If there’s one certainty in life, it’s that Transformers fans are always going to disagree on some parts of the franchise.
There are some aspects that we can all generally find common ground on. For example, pretty much every Transformers fan can acknowledge that ‘car becomes robot is good’ or ‘mechanical dinosaurs are fun’, that kinda thing. But it’s once we get into some of the finer details that you’d best tread carefully!
This remains as true as ever. pic.twitter.com/HrlUnIxJgo
— Sixo (@SixoTF) April 26, 2021
Be they small and trivial or huge and life-changing (well, as much as anything in this hobby can be), there are just some topics that will always create divide whenever they’re dropped into conversation, no matter how well-meaning. So today here are 16 examples just to show you what I mean!
WARNING: you may find you disagree with some of the points raised…
#16: Rumble & Frenzy
Well, let’s get this one right out of the way, shall we? Ever since the early days of the interwebs, it seems like Transformers fans have been getting into heated debates about everyone’s favourite Decepticon cassette twins and that doesn’t appear like it’s going to end any time soon! Which one is Rumble? Is Frenzy red or blue? No-one can come to a unified decision but needless to say, everyone has *strong opinions* on the matter. It’s even spawned the acronym, FIRRIB (Frenzy is red, Rumble is blue) or the alternative version, FIBRIR (and variations thereon). The main problem here is that whilst the original toys clearly had Frenzy as the blue one (with the Marvel comics and all other TF-related media following suit), the cartoon made an error in production by switching the colours round, and thus Transformers fans were doomed to disagree forevermore.
Some subsequent toys of the characters have kept the non-animated stance on their colour schemes (most notably their Masterpiece counterparts, rather interestingly!) but there have been examples that swing the other way, too! Really though, this one seems to depend on which source of G1 media you’re more of a fan of.
#15: Who were Cyclonus & Scourge?
Another example from the early days of the fandom that continues to rage today, despite there seemingly being a fairly clear answer presented on-screen in the 1986 animated film itself! There we see both Cyclonus and Scourge being created by Unicron out of the remains of damaged or dead Decepticons. During the sequence, Thundercracker is presented in the middle of the frame and quite clearly appears to be the original identity of Scourge, with Kickback and Shrapnel becoming Sweeps. Then we see Bombshell in the foreground being turned into Cyclonus, with Skywarp behind him seemingly becoming a second, identical robot only referred to as his ‘armada’.
Now, the whole business with Cyclonus’ armada is confusing enough, especially as this second robot is never seen nor heard from ever again (even in the film itself), but it also pours fuel on the fire of exactly who was who to begin with! Many fans dislike the idea of Bombshell as Cyclonus, preferring the notion of the much-cooler Skywarp taking that role instead, whereas equally there are plenty of people who opine that it would make more sense for one of the Insecticons, with their cloning ability, to have become Scourge.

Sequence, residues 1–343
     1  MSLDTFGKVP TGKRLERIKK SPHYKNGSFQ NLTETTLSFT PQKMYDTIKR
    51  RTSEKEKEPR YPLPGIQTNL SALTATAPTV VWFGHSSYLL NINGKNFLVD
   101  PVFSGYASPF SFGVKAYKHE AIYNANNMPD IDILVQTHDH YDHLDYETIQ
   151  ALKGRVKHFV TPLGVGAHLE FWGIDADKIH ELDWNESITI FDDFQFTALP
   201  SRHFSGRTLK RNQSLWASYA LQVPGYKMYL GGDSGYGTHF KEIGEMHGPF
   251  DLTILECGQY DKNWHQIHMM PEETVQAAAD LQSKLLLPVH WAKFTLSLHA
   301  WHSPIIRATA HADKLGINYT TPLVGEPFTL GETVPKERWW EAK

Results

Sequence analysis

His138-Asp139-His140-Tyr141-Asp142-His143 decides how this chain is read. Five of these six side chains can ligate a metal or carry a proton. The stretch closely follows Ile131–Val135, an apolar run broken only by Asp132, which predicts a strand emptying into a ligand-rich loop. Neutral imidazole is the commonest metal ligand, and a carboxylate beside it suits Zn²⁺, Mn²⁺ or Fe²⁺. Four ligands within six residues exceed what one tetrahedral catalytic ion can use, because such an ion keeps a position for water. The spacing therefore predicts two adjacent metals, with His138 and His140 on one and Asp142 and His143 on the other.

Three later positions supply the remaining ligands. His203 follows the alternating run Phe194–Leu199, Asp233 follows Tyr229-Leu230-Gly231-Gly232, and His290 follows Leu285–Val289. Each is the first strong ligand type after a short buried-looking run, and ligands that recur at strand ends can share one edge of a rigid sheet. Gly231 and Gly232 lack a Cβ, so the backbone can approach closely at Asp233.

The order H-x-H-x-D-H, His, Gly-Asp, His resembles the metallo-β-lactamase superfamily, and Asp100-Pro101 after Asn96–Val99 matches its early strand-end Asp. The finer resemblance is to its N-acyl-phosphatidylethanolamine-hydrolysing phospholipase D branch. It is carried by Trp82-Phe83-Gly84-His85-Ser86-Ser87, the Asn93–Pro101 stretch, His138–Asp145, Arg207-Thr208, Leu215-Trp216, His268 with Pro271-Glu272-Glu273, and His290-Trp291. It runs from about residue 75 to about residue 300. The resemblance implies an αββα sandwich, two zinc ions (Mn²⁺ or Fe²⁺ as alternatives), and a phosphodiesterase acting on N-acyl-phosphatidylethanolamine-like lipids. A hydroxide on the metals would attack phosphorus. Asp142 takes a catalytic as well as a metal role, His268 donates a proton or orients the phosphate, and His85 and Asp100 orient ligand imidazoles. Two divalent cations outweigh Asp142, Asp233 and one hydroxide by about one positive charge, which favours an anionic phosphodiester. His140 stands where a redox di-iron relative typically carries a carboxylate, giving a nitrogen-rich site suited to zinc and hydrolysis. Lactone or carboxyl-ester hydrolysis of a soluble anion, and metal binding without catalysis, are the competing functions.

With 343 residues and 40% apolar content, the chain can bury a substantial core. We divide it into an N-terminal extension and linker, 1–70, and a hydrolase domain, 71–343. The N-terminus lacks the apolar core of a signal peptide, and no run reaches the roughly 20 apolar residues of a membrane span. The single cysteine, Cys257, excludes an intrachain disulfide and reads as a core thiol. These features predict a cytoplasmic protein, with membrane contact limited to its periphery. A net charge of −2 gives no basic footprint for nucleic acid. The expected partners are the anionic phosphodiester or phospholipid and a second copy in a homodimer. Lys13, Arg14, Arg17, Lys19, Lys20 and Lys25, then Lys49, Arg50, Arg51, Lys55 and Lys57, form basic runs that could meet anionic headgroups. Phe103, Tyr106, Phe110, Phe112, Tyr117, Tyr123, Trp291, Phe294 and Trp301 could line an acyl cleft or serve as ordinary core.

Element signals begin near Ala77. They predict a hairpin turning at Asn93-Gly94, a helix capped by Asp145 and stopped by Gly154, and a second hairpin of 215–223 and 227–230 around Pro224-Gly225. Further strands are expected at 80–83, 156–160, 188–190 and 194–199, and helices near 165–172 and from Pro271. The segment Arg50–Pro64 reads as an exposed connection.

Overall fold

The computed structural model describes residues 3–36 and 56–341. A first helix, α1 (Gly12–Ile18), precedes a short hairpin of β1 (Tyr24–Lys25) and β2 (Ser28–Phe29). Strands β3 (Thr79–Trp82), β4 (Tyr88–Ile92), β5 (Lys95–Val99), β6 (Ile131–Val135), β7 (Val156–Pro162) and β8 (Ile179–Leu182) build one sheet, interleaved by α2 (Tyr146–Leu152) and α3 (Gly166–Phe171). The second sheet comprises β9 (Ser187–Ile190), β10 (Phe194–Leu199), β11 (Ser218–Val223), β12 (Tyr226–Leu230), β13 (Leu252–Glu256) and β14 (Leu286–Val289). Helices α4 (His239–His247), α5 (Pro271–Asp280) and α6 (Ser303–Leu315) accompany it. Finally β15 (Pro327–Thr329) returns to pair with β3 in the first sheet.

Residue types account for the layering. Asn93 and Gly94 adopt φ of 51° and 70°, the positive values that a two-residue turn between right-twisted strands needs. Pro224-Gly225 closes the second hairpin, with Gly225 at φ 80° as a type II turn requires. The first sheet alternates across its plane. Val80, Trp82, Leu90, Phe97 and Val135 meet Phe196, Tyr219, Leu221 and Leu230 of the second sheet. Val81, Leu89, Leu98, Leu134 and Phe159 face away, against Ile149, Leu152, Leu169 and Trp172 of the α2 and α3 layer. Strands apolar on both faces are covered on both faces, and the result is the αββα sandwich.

I’d personally argue that this one doesn’t really matter (and not just because it’s a children’s cartoon film from 35 years ago, mind!) as assuming the original Decepticons were even still alive at this point (and there’s every reason to think they may well have been dead), there’s no indication that their personalities were carried over after their reformatting anyway. It seems more likely that they were just raw materials for Unicron to create new soldiers out of, but ultimately that train of thinking is not going to stop this one being debated over and over either…
#14: Third party
Of all the more divisive aspects of the hobby to crop up over the last ten years or so, few have created such split opinions as the so-called ‘third party’ scene. It all started innocuously enough with minor upgrade kits and additional accessories but before we knew where we were, there were unlicensed companies pumping out whole lines of toys all intended to represent characters from Transformers, but of course all without having any claim to the official IP. Many fans are absolutely fine with this or encourage it (with some even preferring what particular 3P companies are creating to HasTak’s own output), some are ambivalent, and many cannot stand the whole affair, feeling that the companies in charge of Transformers should do more to crack down on it all. It’s maybe worth also mentioning that the rise of 3P has no doubt contributed towards a lot of new collectors finding their way into the hobby as well, but this is one debate that everyone is going to continue having their own opinions about!
#13: Fake parts